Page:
What’s more, Sue gets one of those gigantic checks (the kind you always have to photograph with the check recipient, otherwise it doesn’t count), Dianna Agron and Naya Rivera smile so hard their faces freeze that way, Sugar Motta pops the bubbly, a random never-before-seen Hot Cheerleader Extra seduces me with her dancey eyeballs… and what else you ask? What else?
Mhm, that. GIRL ON GIRL CULTURE!
However, much to our collective dismay, the girl-on-girl kiss is immediately followed by some face-sucking courtesy of That So-Called Finchel. So, let’s just look at the girl-on-girl kiss again instead:
Um, also Emma and Will haven’t had sex yet? So she gives him a pamphlet called “When It’s FInally Have Intercourse” and I hope she made at least two hundred of those suckers because high school kids are basically the target audience for that kind of literature.
There’s some time travel in this montage, too, I believe, but why get hung up on the details now, eh? When Emma walked out of the bedroom in this orange teddy catastrophe and Will’s jaw went agape, I laughed. Who wears those things for serious?
We then detour to Figgins’ Lair, where for reasons surely known to somebody somewhere but not anybody here, he gifts That So-Called Finchel with bumper stickers, miniature pom-poms, and $5 for their wedding, which will get them about 1/5 millionth of the way to Niagara Falls.
Anyhow, the real point of this meeting is that Figgins needs That So-Called Finchel to present an award at the Teacher Awards Ceremony —
Figgins: “Can you keep a secret?”
Um, as long as it’s not that you’re gay. Finn cannot keep that secret.
At some point the next day (???), Will thanks Emma, and this dialogue exchange happens:
Emma: “My man is a winner and he deserves to be treated as such. And it was as much for me as it was for you.”
Will: “Last night was way worth the wait, but I mean thank you for everything.”
Cut to the McKinley High School Auditorium, where Mrs.Hagburg (she of the “magically transferrable tenure”) has got news about her upcoming episode of Intervention and Figgins plans to give out the Teacher of the Year Award to one of McKinley’s stunningly incompetent educators. Honestly it’s a wonder these kids can read.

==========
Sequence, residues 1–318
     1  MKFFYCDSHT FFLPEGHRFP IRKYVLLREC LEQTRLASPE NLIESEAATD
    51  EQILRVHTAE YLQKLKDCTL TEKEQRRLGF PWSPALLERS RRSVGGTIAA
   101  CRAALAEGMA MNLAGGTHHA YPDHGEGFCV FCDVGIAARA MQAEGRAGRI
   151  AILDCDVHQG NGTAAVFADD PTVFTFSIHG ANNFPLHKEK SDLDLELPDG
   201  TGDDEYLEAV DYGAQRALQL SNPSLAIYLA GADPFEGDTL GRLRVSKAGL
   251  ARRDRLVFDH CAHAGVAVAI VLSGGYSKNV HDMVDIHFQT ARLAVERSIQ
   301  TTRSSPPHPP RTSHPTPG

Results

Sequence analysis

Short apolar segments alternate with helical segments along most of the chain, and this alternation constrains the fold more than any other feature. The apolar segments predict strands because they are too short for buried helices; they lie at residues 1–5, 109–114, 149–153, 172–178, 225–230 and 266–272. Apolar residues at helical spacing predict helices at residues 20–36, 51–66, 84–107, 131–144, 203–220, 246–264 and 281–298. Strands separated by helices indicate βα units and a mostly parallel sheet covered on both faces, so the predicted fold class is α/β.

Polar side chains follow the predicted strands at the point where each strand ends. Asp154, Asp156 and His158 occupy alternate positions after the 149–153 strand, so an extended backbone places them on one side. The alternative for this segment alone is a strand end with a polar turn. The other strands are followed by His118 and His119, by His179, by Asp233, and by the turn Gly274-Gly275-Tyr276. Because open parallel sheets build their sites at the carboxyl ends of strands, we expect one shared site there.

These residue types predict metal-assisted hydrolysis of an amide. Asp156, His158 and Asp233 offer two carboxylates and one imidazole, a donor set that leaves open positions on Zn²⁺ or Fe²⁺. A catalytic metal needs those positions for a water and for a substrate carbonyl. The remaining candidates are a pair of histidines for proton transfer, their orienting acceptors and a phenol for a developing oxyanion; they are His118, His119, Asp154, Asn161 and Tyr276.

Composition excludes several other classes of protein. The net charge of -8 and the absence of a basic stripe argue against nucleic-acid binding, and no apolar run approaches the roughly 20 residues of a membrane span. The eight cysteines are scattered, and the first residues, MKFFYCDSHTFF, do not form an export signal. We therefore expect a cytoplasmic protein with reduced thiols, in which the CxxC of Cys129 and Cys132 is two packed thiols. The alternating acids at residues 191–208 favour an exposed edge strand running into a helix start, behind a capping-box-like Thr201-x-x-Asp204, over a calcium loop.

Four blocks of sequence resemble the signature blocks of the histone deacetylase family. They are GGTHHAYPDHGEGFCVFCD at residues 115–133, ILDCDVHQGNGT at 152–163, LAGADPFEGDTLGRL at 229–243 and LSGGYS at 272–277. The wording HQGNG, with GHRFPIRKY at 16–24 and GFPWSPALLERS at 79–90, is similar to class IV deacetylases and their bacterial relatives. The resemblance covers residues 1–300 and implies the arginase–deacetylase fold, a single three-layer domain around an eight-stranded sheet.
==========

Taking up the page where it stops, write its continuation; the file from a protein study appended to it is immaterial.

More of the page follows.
Figgins summons “That So-Called Finchel,” Prom Queen & King, onstage to present the award, which obviously goes to Will for his Magical Achievement in Keeping His Job as a Spanish Teacher Without Knowing Any Actual Spanish.
Sue: “Way to go, buddy.”
Schue stands up but Finn gets a bit angsty about the possibiity of being forced to leave the stage without talkng about himself for a few quick minutes:
Finn: “Three years ago, I thought I had it all. I was the quarterback of the football team, I was dating the head cheerleader, and then I met you, Mr. Schue, and I realized everything I was missing. There’s a lot of great teachers at this school who teach their students a lot of important stuff, like how to drive and fractions. But you teach your students how to dream and as far as I’m concerned, there’s nothing more important than that.”
Barf. Here’s Rachel!
Rachel: “When I first met you I was just an annoying Jewish girl with two gay dads and a very big dream. Today, I still have two dads, I’m still Jewish and I’m probably just as annoying, but I stand here before you headed to New York City come hell or high water, and I can honestly say I couldn’t have done it wthout you, and I will carry you with me every step of the way. No one deserves this more than you, we love you and this is for you.”
Well, that was cute, and leads us seamlessly into a musical presentation of the Vintage Queen number, “We Are the Champions,” and its inspirational message that there’s no time for losing because we are the champions, yes we are the champions…. OF THE WORLD.
So there you have it! Next week we’ll be saying “Goodbye” to this band of misfits and everybody will be crying and Gloria Estefan will guest star as Santana’s Mom.